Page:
'Balochistan needs more attention'

Published Jan 08, 2004 12:00am

ISLAMABAD, Jan 7: The mega projects in Balochistan will guarantee the bright future of Pakistan, but the voice of the province needs further enunciation in the corridors of power so that the task of poverty alleviation could be speeded up , said federal minister for food and agriculture Sardar Yar Mohammad Rind.

He was presiding over the launching ceremony of a book - A Critical Comment on Political Economy of Balochistan - written by journalist Siddiq Baluch here on Wednesday. The ceremony was organized by a literary organization, Daira.

Mr Rind said unlike other provinces Balochistan was not under the British rule when it opted for Pakistan of its own free will. Balochistan's future, he added, was liked with the federation of Pakistan.

He said the fact was that until now his province had been wilfully left out of development process. He said his own area lacked drinking water and nearly half of his people were suffering from Hepatitis-B.

The minister said he expected elected representatives belonging to Balochistan should have been speaking for the rights of the province and influencing governments to initiate welfare projects. But, he said, these representatives squandered away their time in slogans and non-productive activities.

Col Ghulam Sarwar (retired) read out a paper on Balochistan's strategic and geo-political importance. He said in spite of its dominating position, the province was denied basic infrastructure while colonial masters choked the voice of the province for over a century.

Senator Sanaullah Baloch indicated that since 1849, the British government had a forward policy and developed railways and exploited mineral resources of Balochistan. He regretted that our own successive governments had adopted a policy of forced penetration, revealing a marked distrust for the local people.

The people demand participatory government. He regretted that instead of appointing the local, a governor had to be sent from Islamabad to the province. MNA Rauf Mengal said journalists in Balochistan could not function effectively. He welcomed Mr Baluch's new book which, he added, would help the people of Pakistan learn more about the problems of this rich province.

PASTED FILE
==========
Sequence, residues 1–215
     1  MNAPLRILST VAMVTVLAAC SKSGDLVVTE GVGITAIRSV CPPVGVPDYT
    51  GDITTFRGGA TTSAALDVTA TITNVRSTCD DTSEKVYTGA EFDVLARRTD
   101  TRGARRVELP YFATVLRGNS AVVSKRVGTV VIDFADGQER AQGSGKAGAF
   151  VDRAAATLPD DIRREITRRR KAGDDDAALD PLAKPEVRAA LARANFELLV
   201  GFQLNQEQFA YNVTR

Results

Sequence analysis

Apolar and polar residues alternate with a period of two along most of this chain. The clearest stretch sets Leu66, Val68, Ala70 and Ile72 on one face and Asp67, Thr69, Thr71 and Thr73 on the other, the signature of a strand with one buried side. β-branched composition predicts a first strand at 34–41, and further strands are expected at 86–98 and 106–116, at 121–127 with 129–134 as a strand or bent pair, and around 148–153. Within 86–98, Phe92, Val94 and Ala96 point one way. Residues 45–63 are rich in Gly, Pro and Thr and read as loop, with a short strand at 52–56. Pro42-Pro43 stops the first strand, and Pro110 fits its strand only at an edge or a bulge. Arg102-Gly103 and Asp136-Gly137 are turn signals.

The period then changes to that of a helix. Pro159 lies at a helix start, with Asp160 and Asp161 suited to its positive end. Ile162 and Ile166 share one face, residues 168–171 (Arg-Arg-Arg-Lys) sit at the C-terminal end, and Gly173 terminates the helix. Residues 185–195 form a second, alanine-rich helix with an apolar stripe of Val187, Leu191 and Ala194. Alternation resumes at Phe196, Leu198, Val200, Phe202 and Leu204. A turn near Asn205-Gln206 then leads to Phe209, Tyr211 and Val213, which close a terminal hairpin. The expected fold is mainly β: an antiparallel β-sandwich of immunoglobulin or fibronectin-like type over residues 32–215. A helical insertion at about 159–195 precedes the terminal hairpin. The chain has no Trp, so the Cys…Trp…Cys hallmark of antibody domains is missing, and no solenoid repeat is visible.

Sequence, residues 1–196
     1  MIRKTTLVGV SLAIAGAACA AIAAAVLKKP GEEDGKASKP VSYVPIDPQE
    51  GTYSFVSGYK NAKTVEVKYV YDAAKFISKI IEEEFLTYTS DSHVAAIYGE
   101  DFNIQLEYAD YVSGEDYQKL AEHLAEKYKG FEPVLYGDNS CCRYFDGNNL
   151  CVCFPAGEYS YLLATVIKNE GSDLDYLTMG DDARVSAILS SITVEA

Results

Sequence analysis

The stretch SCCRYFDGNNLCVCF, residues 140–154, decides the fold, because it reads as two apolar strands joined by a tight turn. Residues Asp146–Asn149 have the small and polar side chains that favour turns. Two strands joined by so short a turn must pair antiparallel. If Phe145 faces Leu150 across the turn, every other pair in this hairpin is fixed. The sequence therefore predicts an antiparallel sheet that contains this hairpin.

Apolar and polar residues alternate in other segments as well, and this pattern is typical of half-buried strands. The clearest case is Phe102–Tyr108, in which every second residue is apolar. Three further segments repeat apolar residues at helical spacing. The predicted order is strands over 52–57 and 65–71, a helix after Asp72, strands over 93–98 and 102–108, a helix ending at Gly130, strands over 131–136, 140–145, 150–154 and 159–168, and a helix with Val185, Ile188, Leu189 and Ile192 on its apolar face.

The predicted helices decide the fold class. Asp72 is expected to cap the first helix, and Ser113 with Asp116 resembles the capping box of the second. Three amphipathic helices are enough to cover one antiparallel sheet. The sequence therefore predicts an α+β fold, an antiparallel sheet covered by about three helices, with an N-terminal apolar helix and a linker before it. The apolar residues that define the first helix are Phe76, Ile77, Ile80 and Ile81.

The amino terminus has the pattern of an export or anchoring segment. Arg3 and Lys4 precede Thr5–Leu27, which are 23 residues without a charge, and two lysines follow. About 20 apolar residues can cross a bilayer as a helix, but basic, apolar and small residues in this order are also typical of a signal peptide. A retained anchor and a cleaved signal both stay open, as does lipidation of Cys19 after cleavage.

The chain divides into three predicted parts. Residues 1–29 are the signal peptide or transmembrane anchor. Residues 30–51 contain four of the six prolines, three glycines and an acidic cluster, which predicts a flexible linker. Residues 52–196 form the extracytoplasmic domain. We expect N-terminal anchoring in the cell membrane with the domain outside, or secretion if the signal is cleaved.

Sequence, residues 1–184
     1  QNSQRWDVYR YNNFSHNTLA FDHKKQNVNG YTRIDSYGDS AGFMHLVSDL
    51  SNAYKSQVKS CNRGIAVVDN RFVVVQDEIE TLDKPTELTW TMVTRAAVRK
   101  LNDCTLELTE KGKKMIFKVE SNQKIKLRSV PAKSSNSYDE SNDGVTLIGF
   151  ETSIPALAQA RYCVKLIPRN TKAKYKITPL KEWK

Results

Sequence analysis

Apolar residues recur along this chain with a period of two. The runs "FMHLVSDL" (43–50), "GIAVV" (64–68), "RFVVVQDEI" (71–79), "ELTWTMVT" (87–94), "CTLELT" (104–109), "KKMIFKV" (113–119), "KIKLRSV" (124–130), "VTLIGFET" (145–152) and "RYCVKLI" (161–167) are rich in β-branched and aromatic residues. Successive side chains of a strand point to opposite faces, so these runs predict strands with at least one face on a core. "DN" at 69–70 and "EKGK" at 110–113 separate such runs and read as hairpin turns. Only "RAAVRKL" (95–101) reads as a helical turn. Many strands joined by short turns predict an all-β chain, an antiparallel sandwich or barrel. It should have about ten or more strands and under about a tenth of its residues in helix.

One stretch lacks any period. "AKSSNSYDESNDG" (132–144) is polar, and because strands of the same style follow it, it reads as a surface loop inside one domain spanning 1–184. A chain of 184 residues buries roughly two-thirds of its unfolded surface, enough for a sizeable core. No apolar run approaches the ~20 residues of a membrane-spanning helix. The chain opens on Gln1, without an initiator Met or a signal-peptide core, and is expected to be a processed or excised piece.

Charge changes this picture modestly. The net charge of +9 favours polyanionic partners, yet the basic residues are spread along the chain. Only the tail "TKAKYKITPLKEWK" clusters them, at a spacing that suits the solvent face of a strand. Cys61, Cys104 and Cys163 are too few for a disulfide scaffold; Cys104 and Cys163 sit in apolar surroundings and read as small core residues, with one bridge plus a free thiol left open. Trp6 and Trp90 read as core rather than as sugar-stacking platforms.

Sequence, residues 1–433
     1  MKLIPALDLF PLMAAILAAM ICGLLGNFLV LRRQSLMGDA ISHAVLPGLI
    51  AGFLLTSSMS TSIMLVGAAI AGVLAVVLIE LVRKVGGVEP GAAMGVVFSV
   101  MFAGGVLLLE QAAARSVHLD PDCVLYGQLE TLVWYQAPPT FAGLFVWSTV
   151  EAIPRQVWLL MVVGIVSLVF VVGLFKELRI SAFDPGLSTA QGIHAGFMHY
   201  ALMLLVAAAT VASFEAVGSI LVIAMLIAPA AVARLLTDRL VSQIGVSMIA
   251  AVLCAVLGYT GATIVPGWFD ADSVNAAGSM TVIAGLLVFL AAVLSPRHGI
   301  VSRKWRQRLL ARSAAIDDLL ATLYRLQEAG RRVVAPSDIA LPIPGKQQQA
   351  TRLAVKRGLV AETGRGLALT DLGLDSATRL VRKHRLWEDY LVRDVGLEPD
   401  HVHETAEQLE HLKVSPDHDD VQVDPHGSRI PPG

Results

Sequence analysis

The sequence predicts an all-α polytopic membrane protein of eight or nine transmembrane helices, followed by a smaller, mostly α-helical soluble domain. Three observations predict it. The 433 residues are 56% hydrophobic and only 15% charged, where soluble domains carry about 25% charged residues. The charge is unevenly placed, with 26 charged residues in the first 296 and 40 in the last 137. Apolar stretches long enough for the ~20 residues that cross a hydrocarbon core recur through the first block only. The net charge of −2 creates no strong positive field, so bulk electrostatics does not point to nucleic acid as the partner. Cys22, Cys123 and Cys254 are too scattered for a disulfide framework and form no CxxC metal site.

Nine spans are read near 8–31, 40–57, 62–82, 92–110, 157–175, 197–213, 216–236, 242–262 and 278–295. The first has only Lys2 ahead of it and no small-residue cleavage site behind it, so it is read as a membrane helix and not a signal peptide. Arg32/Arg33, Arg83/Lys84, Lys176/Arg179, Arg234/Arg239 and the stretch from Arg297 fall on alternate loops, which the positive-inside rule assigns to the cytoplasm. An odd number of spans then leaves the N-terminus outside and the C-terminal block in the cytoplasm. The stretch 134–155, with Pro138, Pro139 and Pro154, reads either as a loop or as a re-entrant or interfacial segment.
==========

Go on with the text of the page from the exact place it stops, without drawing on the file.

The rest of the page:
Mahmood Hashmi said that Balochistan had been wilfully neglected in the past. He hoped that with the induction of Mir Zafarullah Khan Jamali as prime minister, past mistakes would be mitigated.

He said the president and prime minister had envisioned a great future for Pakistan and with the completion of the mega projects, Balochistan would become the most prosperous province of the country.

Dr Ghazanfar Mehdi spoke of the limitless opportunities in the province, narrating a story about his visit to Gwadar in connection with building of roads. He was informed that about 4,000 tons of apple and dates were being wasted in the province annually. Sadly, he said, there was no one to husband these resources.

Mr Baluch advanced the reason for writing on the economy. He said he could have easily written on politics, but Balochistan was contemplating huge mega projects as Mirani Dam, the Gwadar Port (which he called the mother of all ports) ad Kacchi Canal of the magnitude of Rs120 billion.

Referring to some of the speeches on the occasion, he said Balochistan had happily chosen Pakistan because of the autonomy clause enshrined in the 1940 Resolution, a great promise and attraction for the Balochs whose future was bound together with Pakistan.

About the Gwadar Port, Mr Baluch said it provided a central lane to East, West and South Asia. The Chinese were interested in the port because it provided the shortest distance to Xingiang, he added.


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